Recently, the Illinois Department of National Resources asked branding studio Span to “rebrand” a fish.
The new miracle species that Span concocted (in collaboration with design consultancy Daylight) is called “Copi,” named for the “copious,” or abundance, that it promises Americans. Among Copi’s other defining traits, it is “environmentally-friendly,” locally-sourced, wild and responsibly caught. Plus, it’s fresh and mildly flavored, marrying “well with a range of seasonings.” Copi is a “clean, top-feeding” product that is “healthy,” high in Omega 3’s, 6’s, and protein. Copi is also sustainable, and “significantly reduces carbon emissions from waterways to table.”
Copi’s top-notch new branding could not be more different than its original connotations. The “Invasive Carp” or the “Asian Carp,” as they are commonly referred to, is actually multiple species of fish. It’s an “invasive” species. an animal known to “infest” rivers and waterways throughout the Midwest. These fish damage habitats and pose a major threat to the resort and sport fishing industry, thus hurting local economies. It’s a “destructive fish” according to the US fish and wildlife service, and a “parasite.” No wonder people wanted to rebrand it…
But is it possible that design can transform a thing so vile as these “Asian carp” into the bountiful, healthy “Copi?” Can a clean logo plus modernist, low-profile packaging and some studio-photographed shots transform what has historically been an ecological terror into a local, edible, environmentally-friendly animal?
I’m not so sure. First of all, unfortunately, the newly packaged strips of flesh labeled “Copi” are not real fish. The four species of carp — commonly referred to as bighead, black, grass, and silver carp are creatures that swim, breath, eat, reproduce, think, and do all the things living organisms do; it is a being. Copi, on the other hand, is a product — or more accurately, a pure commodity, illustrated by the fact that Copi in its branded material is represented almost exclusively as a featureless icon of a fish that has no distinguishing features. If there is any part of it that is an animal it is the fished, caught, killed, butchered, treated, packaged, cooked, and sold parts. Only as a dead, marketable product can the fish transform from “destructive” and “invasive” species to “healthy” and “environmentally friendly” products, from “Invasive carp” to “Copi.” And branding plays a key role in transforming an animal into a product.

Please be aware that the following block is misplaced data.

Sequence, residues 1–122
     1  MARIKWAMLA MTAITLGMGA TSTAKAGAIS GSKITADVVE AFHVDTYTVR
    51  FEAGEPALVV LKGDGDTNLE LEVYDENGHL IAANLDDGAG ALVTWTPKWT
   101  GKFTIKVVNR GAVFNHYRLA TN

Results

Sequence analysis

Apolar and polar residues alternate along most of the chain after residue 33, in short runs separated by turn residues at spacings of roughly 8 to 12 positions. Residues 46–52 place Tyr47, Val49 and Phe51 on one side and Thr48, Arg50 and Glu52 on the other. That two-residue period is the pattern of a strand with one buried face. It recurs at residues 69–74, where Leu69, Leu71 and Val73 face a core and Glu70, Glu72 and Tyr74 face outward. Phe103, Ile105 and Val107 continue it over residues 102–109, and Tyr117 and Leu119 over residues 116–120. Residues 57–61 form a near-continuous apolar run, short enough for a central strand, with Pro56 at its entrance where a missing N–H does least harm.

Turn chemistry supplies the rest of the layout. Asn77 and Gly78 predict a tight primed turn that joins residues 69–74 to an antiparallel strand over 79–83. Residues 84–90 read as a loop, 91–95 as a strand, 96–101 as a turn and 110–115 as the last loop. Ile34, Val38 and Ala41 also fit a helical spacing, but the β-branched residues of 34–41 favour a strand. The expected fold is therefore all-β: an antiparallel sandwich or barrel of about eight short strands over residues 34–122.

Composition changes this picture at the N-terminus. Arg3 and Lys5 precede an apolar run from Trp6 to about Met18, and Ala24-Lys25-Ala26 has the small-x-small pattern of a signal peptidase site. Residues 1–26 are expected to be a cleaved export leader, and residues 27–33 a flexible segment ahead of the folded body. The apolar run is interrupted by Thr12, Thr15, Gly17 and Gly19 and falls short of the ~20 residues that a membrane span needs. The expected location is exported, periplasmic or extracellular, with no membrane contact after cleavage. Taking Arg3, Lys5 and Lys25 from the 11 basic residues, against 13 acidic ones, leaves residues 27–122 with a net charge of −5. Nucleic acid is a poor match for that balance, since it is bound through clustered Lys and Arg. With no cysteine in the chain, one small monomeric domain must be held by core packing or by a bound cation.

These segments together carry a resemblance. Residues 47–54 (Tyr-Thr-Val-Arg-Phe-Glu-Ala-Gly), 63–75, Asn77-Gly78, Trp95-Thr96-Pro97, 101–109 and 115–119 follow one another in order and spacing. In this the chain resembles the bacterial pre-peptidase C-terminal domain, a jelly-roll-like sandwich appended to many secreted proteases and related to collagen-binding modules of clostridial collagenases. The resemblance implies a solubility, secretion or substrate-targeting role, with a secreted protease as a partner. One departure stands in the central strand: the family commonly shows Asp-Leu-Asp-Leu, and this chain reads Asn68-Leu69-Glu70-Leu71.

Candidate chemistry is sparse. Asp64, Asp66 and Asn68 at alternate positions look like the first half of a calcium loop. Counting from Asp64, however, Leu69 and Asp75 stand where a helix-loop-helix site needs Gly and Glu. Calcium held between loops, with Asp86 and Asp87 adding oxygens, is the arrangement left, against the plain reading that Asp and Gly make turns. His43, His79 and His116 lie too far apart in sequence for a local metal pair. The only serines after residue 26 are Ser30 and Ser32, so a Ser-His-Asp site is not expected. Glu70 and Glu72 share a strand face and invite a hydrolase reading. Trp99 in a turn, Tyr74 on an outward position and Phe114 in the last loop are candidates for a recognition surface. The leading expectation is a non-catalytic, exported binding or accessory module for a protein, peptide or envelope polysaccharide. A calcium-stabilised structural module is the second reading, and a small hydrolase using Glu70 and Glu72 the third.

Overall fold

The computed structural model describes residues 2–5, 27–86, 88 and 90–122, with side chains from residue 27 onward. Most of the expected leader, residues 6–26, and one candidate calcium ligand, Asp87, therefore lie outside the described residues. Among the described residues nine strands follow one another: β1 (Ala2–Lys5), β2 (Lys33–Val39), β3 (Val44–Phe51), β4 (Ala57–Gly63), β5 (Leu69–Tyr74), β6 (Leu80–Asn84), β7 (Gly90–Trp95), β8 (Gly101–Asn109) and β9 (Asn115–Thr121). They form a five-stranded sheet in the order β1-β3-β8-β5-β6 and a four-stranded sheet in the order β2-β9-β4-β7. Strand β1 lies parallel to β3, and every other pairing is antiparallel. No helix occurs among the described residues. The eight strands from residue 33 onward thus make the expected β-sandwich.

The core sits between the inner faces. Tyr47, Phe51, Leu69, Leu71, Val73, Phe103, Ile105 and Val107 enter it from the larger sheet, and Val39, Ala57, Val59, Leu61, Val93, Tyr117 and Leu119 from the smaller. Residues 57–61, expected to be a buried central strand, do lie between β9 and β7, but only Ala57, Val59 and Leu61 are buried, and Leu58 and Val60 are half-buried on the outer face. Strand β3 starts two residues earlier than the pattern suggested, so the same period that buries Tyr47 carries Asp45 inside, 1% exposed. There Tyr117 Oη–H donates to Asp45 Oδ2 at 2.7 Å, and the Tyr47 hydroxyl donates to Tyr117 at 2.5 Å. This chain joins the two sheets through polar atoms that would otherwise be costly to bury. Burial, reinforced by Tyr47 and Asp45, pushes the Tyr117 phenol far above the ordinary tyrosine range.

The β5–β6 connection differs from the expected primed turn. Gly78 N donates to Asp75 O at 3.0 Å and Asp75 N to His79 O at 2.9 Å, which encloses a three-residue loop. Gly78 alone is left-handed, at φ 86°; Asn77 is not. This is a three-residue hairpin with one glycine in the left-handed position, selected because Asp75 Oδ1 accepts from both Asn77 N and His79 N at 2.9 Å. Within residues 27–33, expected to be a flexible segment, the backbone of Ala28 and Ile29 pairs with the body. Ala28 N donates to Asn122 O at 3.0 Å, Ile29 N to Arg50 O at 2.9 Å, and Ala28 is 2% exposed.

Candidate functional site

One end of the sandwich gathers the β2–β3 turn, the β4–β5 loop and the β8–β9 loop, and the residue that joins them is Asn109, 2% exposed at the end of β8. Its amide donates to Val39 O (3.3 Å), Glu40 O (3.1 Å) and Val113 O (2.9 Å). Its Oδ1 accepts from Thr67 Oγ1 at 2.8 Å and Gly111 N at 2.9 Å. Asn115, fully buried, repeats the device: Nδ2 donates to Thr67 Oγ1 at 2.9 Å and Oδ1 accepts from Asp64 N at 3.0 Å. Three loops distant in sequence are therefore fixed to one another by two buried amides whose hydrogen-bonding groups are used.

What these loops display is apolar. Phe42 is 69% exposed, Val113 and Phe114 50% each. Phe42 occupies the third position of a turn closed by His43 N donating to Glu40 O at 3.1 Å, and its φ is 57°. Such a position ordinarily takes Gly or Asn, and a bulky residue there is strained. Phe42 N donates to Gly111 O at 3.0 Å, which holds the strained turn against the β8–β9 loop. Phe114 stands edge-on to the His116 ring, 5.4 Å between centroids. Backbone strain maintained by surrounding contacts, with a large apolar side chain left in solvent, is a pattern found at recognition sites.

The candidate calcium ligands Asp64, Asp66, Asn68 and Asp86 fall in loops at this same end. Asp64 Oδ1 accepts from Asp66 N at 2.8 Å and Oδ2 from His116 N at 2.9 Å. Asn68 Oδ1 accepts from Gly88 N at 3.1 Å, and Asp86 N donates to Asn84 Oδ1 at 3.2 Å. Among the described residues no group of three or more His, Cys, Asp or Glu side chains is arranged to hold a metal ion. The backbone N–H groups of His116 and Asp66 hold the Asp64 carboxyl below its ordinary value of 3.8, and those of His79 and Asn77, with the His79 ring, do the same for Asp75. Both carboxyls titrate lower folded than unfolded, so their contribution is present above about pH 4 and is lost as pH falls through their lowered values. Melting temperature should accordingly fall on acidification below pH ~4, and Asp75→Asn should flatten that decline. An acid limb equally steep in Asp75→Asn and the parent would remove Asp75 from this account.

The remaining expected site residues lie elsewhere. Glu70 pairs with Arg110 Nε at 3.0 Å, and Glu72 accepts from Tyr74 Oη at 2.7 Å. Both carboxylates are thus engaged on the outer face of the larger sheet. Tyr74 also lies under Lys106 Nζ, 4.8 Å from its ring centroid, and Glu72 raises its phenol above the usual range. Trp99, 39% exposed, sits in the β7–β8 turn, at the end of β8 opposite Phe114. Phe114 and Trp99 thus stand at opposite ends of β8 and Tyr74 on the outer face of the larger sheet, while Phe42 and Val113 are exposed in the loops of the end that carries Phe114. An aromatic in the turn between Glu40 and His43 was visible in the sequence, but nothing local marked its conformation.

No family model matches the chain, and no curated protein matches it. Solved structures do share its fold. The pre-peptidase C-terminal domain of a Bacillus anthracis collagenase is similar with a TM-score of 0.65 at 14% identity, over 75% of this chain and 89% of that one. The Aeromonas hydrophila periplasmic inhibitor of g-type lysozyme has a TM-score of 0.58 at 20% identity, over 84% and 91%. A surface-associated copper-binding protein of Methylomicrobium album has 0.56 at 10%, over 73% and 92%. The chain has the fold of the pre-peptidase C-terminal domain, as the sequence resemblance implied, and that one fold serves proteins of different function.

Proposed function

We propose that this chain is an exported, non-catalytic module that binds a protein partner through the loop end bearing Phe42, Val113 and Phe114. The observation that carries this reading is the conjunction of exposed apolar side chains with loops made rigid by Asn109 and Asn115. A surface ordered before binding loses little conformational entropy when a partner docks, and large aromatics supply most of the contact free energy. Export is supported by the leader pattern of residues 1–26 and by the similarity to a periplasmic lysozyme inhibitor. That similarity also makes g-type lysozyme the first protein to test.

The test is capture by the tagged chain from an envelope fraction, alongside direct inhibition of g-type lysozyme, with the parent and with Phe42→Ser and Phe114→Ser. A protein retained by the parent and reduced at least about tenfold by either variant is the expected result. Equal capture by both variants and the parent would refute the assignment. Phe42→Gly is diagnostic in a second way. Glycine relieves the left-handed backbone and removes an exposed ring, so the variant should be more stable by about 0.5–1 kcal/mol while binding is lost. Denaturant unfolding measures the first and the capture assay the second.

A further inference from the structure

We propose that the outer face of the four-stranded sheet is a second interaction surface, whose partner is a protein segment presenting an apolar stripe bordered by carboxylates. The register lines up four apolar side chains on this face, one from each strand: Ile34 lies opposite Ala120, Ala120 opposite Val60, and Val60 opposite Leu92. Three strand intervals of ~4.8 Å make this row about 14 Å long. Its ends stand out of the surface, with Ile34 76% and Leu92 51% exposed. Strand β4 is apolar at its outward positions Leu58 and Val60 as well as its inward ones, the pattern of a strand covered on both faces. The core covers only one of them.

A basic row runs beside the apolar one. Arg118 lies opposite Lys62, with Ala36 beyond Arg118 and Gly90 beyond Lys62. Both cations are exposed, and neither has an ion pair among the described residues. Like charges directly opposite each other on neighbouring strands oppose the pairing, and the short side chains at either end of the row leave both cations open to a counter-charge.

But there is no question that the fishing industry and US government have created ecological havoc by bringing carp from across the planet to the waters of the American Midwest, but these carp were not always the villains. Introduced to fish farms in the 1970s, the carp was originally brought over in order to clear waters for another fish-made-product in the south, catfish. The carp would eat algae, plant, bacteria, and small animals on the surface of the water, which would in turn make the farmed catfish healthier and better tasting. The fish escaped the farms due to flooding and swam as far as they could up the Mississippi—radically reshaping the water as they went. If we are measuring success as a human or industry might: by population and range, the fish became far too successful for the fishing industry’s liking. And worst of all, they threatened the habitat of many popular sport fish like walleye and crappie.
What was known as the “Asian carp,” became infamous for the way it leaps from the water to attack fishermen (only one of the species, the silver carp, do this), and they critically threatened a billion dollar fishing industry with collapse.